Albums of the ’80s: Raised On Radio

Almost every year since their debut, Journey released an album, and were touring, seemingly non-stop. After the mega-successes of Escape and Frontiers, the band took a break. Steve Perry released his smash hit album, Street Talk in 1984. He learned a thing or two through his Street Talk experience. One of these things was, according to the book in the Time3 box set, that he had “a strong desire for greater control of the recording process.” As Journey began writing and recording for Raised on Radio, creative differences took hold, and the rhythm section – drummer Steve Smith, and bassist (and founding member) Ross Valory were fired. They were replaced by Larrie Londin on drums and Randy Jackson on bass. Yes kids, that Randy Jackson from American Idol. Although, if you watched the show, you already knew that because he mentioned it a half a million times.

The Raised On Radio album was finally released on May 26, 1986. I remember a lot of people complaining about the album. I definitely was not one of those people. As a matter of fact, this is one of my favorite Journey albums. Sure, it has a little bit of a different sound than the beloved Escape and Frontiers albums. But, it is still a great album. And after posting some songs from Raised On Radio on this site and Facebook and Twitter pages, I know that I share the love with a lot of other people.

I feel real nostalgic about this album at this time of year. I remember going on a family vacation to Pennsylvania in August of 1986. We packed up the station wagon (with the fake wood paneling, of course), and drove from Rhode Island to Philadelphia. I listened to my Raised On Radio tape on my Walkman all the way down. While in Philly, we went to Veterans Stadium to see the Phillies play against my beloved New York Mets. The Mets lost the game, but would go on to be world champions this year. The next day, we drove from Philly to Amish country in Lancaster, PA. Again, I popped in my Raised On Radio tape, and enjoyed the drive.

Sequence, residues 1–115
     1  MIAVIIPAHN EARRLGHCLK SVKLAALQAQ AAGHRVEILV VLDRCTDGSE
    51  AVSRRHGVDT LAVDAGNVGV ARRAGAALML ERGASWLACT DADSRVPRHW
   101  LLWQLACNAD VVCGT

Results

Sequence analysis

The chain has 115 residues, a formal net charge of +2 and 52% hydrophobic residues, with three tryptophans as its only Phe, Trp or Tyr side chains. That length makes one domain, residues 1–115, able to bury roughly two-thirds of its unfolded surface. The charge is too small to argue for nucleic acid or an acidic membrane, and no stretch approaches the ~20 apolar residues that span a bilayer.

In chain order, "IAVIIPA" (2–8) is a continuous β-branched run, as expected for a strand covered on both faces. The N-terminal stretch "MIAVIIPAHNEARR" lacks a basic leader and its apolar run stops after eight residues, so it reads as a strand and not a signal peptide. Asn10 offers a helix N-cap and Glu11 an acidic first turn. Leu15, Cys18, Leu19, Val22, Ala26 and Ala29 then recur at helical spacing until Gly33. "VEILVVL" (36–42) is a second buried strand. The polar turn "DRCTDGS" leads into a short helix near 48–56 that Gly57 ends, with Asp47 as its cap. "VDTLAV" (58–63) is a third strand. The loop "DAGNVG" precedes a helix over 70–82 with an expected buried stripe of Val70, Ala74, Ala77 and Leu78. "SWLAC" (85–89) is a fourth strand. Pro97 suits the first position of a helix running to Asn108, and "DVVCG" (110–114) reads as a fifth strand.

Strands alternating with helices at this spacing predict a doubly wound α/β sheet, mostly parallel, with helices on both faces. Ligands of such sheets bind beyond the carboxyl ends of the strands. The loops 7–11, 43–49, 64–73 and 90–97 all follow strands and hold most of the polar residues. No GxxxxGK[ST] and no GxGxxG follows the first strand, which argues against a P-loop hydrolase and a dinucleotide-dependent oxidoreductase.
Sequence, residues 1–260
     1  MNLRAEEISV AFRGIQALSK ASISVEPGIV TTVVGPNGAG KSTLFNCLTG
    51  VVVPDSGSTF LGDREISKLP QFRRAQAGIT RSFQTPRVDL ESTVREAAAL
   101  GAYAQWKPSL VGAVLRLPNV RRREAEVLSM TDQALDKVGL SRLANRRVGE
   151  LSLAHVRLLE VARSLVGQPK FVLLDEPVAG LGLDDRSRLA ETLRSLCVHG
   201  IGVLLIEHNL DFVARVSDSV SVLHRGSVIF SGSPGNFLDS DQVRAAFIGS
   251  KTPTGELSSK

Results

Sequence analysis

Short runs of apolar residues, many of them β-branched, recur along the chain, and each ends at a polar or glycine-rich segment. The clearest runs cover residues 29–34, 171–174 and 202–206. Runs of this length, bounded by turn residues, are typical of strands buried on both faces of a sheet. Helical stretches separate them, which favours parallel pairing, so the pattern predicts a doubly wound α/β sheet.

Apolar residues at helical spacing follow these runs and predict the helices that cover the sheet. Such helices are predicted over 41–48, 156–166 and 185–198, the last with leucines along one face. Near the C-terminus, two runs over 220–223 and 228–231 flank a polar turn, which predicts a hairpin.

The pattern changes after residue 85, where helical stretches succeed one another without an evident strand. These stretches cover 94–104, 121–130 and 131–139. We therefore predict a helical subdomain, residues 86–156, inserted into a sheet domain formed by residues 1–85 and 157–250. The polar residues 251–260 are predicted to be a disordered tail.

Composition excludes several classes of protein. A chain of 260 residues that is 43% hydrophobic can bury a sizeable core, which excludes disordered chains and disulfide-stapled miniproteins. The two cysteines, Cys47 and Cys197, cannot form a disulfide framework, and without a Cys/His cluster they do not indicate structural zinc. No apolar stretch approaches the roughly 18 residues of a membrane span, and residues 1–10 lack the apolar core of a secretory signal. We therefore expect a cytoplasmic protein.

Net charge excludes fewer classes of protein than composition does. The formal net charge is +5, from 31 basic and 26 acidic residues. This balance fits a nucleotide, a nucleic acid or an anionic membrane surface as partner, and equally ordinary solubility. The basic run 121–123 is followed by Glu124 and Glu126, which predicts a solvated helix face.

So, let’s take a trip back to 1986, feel nostalgic, and listen to Raised On Radio.

1. Girl Can’t Help It

This was the third single released from the album, but it was the first video from the album that I saw on MTV. Since the band had to break in the new rhythm section, and were getting ready for a world tour, they did not have time to film any conceptual videos. Instead, the videos that were released, were mainly concert videos.

2. Positive Touch

Admittedly, it took me a few listens before I enjoyed this song. It didn’t help that the next song was one of my favorites on the album, so I often skipped this one to get to the next song. It didn’t take too long for me to warm up to this song though. This is one of three songs on the album with Steve Smith playing drums.

3. Suzanne

As I just mentioned, this was one of my favorite songs on the album. I played this one over and over again. I might have played it even more if I didn’t like the next song just as much.

4. Be Good To Yourself

I love this song so much!! I can still listen to it over and over again. Not only does it rock, but it has a great message.

5. Once You Love Somebody

This was not one of my favorite songs. But, I like it more now, and appreciate the bluesy sound. At the time that they were writing and recording this, Steve Perry had just split with his longtime love, and Jonathan Cain was going through a divorce. That just gives the song more weight.

6. Happy To Give

Nice way to wrap up Side 1. I love it when they sing the lyrics:

Shadows fall, after the hurt is gone
Through it all, we love and we lose

7. Raised On Radio

What a great way to start side 2! What a great rocker!! The lyrics of this song basically consist of song titles and lyrics of older songs that the band must have listened to when they were growing up.

8. I’ll Be Alright Without You

This ballad was one of the more popular songs on the album. I loved this song, but I just didn’t like how long the instrumental portion was towards the end of the song. But, at least in the video, they do a little more singing.

9. It Could Have Been You

This was another one of my favorite songs on the album. There’s just something about the way they sing these lyrics that really gets to me:

I…can’t wait all my life, on a street of broken dreams
It could have been you my love (where are you now)
Oh I…still wonder if you remember the night
It could have been you

10. The Eyes of a Woman

This song ties with “Once You Love Somebody” as my least favorite song on the album. But, my least favorite songs on this album are better than some of my favorite songs on other albums. Longtime readers may know that when I got out of the Navy I went to college. The first college I went to had a jukebox in the cafeteria. I think this was the only Journey song on it, and it was always playing. It wasn’t me that played it. But, it just goes to show that even back then, I was not the only fan of Raised On Radio.

11. Why Can’t This Night Go on Forever

Perfect way to end the album. The band would not release another new studio album for another 10 years.

I hope you enjoyed the album. Tell me your memories of this album. Did you like it? Was it a disappointment?

[twitter-follow screen_name=’returntothe80s’ show_count=’yes’ text_color=’00ccff’]

One thought on “Albums of the ’80s: Raised On Radio”

  1. Definitely wasn’t disappointed in Raised On Radio. It might be in my top ten albums of the 80s, actually.

    I listened to “Suzanne” a lot as well.

Leave a Reply